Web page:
From Norman Doidge’s The Brain That Changes Itself (an exploration of neuroplasticity, in this case the curious fact that nerve supply to one body part can amalgamate with nerve supply to a part that has been severed):
Not all phantom [limbs] are painful. After Ramachandran published his discoveries, amputees began to seek him out. Several leg amputees reported, with much shame,* that when they had sex, they often experienced their orgasms in their phantom legs and feet. One man confessed that because his leg and foot were so much larger than his genitals, the orgasm was “much bigger” than it used to be. Though such patients might once have been dismissed as having overly large imaginations, Ramachandran argued that the claim made perfect neuroscientific sense. The Penfield brain map shows the genitals next to the feet, and since the feet no longer receive input, the genital maps likely invade the foot maps, so when the genitals experience pleasure, so do the phantom feet.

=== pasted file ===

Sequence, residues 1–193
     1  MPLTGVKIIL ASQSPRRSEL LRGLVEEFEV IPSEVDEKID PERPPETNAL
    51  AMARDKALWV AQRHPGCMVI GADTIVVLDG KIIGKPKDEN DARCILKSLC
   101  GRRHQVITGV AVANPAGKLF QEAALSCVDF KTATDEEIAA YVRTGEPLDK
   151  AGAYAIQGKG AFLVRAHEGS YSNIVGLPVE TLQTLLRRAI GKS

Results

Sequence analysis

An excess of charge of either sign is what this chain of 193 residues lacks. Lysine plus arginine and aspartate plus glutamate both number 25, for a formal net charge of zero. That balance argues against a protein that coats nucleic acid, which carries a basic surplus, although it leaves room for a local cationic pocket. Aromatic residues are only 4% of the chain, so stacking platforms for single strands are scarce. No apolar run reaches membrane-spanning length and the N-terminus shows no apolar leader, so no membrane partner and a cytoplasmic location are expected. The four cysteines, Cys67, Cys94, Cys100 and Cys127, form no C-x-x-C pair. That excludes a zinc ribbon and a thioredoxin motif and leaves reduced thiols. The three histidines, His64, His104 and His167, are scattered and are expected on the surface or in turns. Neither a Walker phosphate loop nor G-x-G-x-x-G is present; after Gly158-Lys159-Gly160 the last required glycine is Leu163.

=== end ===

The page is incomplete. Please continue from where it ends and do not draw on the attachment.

From John Donne’s Elegy XVIII, Loves Progress:
Rather set out below; practise my art.
Some symetry the foot hath with that part
Which thou dost seek, and is thy map for that,
Lovely enough to stop, but not stay at;
Least subject to disguise and change it is—
Men say the devil never can change his.
It is the emblem that hath figured
Firmness; ’tis the first part that comes to bed.
Civility we see refined; the kiss
Which at the face began, transplanted is,
Since to the hand, since to the imperial knee,
Now at the papal foot delights to be:
If kings think that the nearer way, and do
Rise from the foot, lovers may do so too.
I’ve always said science majors were too damn quick to bag on the liberal arts people. John Donne, 1572-1631.
* I am a bit suspicious of Doidge’s attribution of shame. His chapter on pain-pleasure overlap, as observed in even mild spanky forms of sadomasochism, is heavy with use of the words “pervert” and “perversion.” I sense a certain orthoerotic primness. Feh.